Nowadays the US wields the threat of sanctions or crippling tariffs over the heads of trusted allies that rail against toeing Washington’s line — a far cry from the message of ‘America First’ candidate Donald Trump who had no desire to interfere in the affairs of other nations. Conversely President Trump has emerged as the Free World’s Punisher-in-Chief.
Using economic sanctions to deter rogue nations from engaging in threatening behaviours may be a legitimate response on the part of big powers in certain cases although it should be borne in mind that the poorest members of society are usually the ones feeling the pain. Furthermore, with respect to US adversaries North Korea, Iran, Russia, Venezuela and Cuba sanctions have not succeeded in changing the status quo but merely serve to heighten enmity.
Companies engaged in the completion of Nord Stream 2, a $9.5 billion (Dh34.8 billion) undersea pipeline to transport Russian natural gas to Germany, are the latest to be targeted in an attempt to disrupt the relationship between Berlin and Moscow which is nothing less than a breach of Germany’s sovereignty.
The new sanctions are based on a similar formula to those imposed on companies doing business with Iran. International corporations are left with no choice but to reluctantly comply with America’s demands.
Allseas, the Swiss contractor specialising in laying pipelines, swiftly dropped tools in response to a letter penned by two US senators warning that its involvement in the project “for even a single day” would expose it to “crushing and potentially fatal legal and economic sanctions”.
The US president has complained that Germany’s reliance on Russian energy would make it a captive of Moscow and would also sideline Ukraine’s role as a transit point for Russian gas flowing to Europe. The idea that Berlin would ever be a slave to Russia is laughable.
Unprovoked hostile act
To treat Germany, a longtime friend of America and an influential EU and Nato member, on a par with the Middle East’s most belligerent state actor is an unprovoked hostile act no doubt designed as a mean spirited attempt to turn-up the heat on President Putin, a person Congress views as a bogeyman working to undermine America’s democracy. That smacks of paranoia to my ancient ears, echoing our fears of “Reds under the bed” during the Cold War era.
The US president has complained that Germany’s reliance on Russian energy would make it a captive of Moscow and would also sideline Ukraine’s role as a transit point for Russian gas flowing to Europe. The idea that Berlin would ever be a slave to Russia is laughable. Moreover, the latter point is defunct now that Kiev and Moscow have sealed a $2.9 billion five-year deal allowing Russian gasoline to transit through Ukraine to Europe.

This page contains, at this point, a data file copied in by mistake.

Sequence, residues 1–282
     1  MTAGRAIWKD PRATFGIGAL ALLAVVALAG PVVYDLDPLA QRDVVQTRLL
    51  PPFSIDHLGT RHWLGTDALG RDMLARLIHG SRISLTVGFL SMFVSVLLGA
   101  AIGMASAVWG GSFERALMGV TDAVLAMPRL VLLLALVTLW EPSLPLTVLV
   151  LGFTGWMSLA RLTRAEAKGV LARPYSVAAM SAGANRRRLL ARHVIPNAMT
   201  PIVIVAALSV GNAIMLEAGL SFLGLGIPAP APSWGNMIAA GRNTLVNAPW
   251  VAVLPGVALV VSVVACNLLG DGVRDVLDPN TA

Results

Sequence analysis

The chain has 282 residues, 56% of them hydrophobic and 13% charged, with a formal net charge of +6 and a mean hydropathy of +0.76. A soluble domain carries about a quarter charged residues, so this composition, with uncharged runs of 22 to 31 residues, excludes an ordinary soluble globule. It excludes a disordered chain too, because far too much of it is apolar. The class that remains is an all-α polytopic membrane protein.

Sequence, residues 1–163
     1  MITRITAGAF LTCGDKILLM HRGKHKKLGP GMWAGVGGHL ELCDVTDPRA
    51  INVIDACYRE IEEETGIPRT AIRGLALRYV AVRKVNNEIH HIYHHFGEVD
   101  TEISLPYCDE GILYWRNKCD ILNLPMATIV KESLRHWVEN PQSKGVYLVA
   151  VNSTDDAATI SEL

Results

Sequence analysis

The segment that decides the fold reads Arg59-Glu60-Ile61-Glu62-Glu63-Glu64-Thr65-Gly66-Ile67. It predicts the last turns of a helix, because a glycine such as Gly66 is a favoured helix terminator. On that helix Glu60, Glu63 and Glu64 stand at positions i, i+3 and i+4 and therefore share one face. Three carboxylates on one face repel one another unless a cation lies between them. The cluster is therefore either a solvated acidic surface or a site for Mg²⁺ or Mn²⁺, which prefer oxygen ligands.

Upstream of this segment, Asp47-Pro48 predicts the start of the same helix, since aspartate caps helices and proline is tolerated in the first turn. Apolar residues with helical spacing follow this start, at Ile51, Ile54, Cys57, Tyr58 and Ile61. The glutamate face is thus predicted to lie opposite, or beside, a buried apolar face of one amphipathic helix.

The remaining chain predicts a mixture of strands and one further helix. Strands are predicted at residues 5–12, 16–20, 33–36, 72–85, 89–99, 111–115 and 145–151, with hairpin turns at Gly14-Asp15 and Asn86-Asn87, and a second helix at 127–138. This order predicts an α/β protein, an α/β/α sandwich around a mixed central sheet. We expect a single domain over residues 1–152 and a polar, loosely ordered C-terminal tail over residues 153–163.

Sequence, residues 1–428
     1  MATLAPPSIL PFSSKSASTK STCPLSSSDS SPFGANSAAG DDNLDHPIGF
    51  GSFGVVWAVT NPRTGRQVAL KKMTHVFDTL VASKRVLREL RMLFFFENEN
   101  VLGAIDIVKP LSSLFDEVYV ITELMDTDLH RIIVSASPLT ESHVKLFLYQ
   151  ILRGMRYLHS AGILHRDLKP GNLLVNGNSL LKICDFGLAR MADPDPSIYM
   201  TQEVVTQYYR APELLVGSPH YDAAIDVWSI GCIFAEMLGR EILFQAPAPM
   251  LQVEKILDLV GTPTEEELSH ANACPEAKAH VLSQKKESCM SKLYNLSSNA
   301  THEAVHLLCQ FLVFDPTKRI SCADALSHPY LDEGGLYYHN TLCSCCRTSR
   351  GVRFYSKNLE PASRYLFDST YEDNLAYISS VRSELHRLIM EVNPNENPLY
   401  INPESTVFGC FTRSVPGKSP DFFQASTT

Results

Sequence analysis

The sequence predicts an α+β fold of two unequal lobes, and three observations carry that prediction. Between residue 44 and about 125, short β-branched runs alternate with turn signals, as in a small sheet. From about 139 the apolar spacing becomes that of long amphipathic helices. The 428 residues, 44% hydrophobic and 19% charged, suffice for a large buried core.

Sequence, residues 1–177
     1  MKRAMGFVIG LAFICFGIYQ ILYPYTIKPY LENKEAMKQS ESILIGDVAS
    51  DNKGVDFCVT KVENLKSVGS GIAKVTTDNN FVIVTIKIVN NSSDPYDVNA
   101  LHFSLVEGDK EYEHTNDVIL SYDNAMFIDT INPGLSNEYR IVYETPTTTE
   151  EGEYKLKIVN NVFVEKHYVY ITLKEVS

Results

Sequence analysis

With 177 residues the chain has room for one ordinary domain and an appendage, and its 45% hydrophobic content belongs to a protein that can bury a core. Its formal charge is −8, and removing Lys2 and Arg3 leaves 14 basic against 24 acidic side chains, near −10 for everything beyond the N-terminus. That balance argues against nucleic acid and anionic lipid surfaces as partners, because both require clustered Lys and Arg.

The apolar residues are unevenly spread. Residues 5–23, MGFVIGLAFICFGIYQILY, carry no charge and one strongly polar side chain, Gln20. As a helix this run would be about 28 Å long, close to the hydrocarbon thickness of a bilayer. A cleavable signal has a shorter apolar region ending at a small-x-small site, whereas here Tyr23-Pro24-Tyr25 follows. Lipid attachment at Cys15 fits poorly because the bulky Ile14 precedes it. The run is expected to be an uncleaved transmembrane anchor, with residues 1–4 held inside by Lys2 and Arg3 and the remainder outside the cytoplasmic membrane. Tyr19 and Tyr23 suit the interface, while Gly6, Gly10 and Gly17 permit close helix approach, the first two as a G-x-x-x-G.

Indeed, since the recent meeting between Putin and Ukraine’s President Volodymyr Zelensky relations between the neighbours have visibly warmed. Reports suggest that the Russian president offered his Ukrainian counterpart a 25 per cent discount on gas and was amenable to many of his proposals. Certainly a détente between these nations engaged in a prolonged armed conflict would be a positive outcome but what if Ukraine and Russia were to cosy-up, would the US slap sanctions on unfaithful Kiev?
‘Interference in internal affairs’
Spokeswoman for the German Chancellor Angela Merkel condemned America’s “extraterritorial sanctions” as “an interference in our internal affairs”. “European energy policy is decided in Europe, not the US said the country’s foreign minister, a statement supported by the European Union.
Yet Merkel has declined to retaliate. Hardly surprising when Trump would hit back, potentially with the imposition of mega tariffs on German-made cars which could hurtle the German economy into recession.
At a time when the UK’s Boris Johnson is celebrating his party’s big win that gives him carte blanche to adopt policies without parliamentary hindrance while he touts the benefits of a fully independent United Kingdom shorn of EU regulations, America’s blatant interference in European affairs should give him pause for thought. As many heads of state around the world could attest, Trump changes his friends almost as often as his ties.
Johnson’s eagerness to pivot the nation towards its big brother across the pond with the lure of a big beautiful trade deal is crystal but in light of looming sanctions against Nato member Turkey over its purchase of a Russian defence system, together with America’s threat to impose 100 per cent tariffs on European goods, it appears the UK risks swapping a rules-based master for another lashing a whip that stands as a law unto itself.
— Linda S. Heard is an award-winning British political columnist and guest television commentator with a focus on the Middle East